The brutal gang rape and subsequent death of a 23-year-old woman in New Delhi, India, last December has shocked people around the world. News reports of the attack and its ghastly details are difficult to bear.
Since the incident on December 16, 2012, anti-rape protests in India have grown and spread, sparking a people's movement for change and renewed calls for action on crimes against women in that country.
It is tragic that it takes horrendous incidents and needless death to prompt a resolve for change, and more tragic still, that violence against women occurs around the world without any measure of societal outrage or public response demanding change.
Public outrage in Canada in response to the tragic 1989 Montreal Massacre of 14 young women engineering students at École Polytechnique did put pressure on government and brought about change. Ongoing public calls for action led to the gun registry, now in the process of being dismantled by the Stephen Harper government. And in 1991, Parliament proclaimed December 6 as the National Day of Remembrance and Action on Violence Against Women.
We resolve to take action against violence against women to remember the 14 women who were murdered at École Polytechnique. We resolve to take action against violence against women because of the high incidence of aboriginal women in Canada who have disappeared or been murdered.
We resolve to take action when we learn about the young rape victim in India, and when we hear of another recent sexual attack against an aboriginal woman near Thunder Bay.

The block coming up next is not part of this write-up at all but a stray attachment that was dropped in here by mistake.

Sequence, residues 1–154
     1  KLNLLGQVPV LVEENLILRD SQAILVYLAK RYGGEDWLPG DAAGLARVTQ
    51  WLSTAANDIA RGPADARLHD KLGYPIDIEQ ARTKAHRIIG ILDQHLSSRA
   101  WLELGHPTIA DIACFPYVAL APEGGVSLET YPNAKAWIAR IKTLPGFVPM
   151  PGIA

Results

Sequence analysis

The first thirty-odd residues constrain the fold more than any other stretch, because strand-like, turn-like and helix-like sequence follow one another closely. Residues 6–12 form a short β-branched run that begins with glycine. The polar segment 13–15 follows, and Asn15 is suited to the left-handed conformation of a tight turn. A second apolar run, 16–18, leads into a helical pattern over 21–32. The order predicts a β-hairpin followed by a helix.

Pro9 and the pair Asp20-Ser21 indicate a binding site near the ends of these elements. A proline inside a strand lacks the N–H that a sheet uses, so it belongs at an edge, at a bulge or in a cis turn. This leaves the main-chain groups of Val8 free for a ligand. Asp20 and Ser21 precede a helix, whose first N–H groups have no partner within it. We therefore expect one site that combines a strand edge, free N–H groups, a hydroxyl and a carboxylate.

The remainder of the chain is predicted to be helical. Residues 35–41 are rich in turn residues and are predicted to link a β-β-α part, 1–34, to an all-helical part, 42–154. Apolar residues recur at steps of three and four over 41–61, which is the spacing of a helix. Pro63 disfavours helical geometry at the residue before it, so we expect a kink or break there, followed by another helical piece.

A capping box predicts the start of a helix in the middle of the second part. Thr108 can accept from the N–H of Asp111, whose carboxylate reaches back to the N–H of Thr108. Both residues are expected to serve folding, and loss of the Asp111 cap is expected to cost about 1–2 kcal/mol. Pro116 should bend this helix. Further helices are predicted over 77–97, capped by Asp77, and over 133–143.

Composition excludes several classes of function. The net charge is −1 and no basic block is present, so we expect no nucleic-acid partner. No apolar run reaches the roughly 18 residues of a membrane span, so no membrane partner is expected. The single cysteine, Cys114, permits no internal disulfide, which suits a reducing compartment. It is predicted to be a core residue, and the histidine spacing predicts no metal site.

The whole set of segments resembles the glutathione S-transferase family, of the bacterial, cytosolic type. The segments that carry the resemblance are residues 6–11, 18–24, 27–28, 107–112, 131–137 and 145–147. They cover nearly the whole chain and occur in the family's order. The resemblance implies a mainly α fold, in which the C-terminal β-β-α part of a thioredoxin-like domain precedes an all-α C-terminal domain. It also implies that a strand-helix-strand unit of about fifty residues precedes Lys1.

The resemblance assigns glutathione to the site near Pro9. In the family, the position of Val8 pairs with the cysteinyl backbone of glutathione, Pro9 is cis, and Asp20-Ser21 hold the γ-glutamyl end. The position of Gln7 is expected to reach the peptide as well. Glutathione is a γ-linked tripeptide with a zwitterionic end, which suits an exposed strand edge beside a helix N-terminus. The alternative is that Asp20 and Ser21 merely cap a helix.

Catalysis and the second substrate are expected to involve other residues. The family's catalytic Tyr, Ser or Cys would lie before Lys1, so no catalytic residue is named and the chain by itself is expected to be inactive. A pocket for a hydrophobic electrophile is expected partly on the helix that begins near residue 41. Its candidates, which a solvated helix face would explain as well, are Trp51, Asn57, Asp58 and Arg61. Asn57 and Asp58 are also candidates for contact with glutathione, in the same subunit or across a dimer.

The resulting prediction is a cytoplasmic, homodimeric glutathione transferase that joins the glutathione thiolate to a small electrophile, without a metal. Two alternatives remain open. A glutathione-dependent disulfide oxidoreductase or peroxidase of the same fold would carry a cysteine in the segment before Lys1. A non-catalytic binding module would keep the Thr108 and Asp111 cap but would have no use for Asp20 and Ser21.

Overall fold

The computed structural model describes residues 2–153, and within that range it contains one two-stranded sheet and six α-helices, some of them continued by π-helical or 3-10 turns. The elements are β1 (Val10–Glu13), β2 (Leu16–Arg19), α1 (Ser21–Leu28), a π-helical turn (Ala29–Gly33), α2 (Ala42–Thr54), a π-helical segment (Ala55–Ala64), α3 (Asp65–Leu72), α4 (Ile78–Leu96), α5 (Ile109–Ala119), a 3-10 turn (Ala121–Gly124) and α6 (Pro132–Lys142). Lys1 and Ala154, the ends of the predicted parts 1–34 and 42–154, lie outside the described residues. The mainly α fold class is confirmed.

Women's rights are human rights. Violence against women must stop. We must take action. As union activists, we must educate, mobilize and support progressive change.
A continent away, we are witnessing impressive people power in the on-going anti-rape demonstrations taking place in India, and the government of India is under incredible pressure to respond.
Join me in signing Avaaz.org's international online petition calling on the government of India to "urgently strengthen sexual violence legislation and enforcement, and to launch a massive public education program with hard-hitting and high quality content designed to bring about a profound shift in the shameful attitudes that permit and promote violence against women."
From the USW's 2012 statement on December 6, "Even the smallest actions count. We make a difference when we speak out against bullying, harassment and discrimination. We make a difference when unions raise the issue of violence at the bargaining table, or in our advocacy. We make a difference when we display anti-violence posters in our workplaces."
The latest issue of our USW magazine, USW@Work, includes a pull-out poster you can display in your workplace. You can also download the poster from our website at www.usw.ca/womenofsteel.
The United Steelworkers joins the Canadian Labour Congress's (CLC) call for an inquiry into the deaths and disappearances of aboriginal women and girls in Canada.
We too, can harness people power for positive change. Erasing violence against women is everyone's responsibility.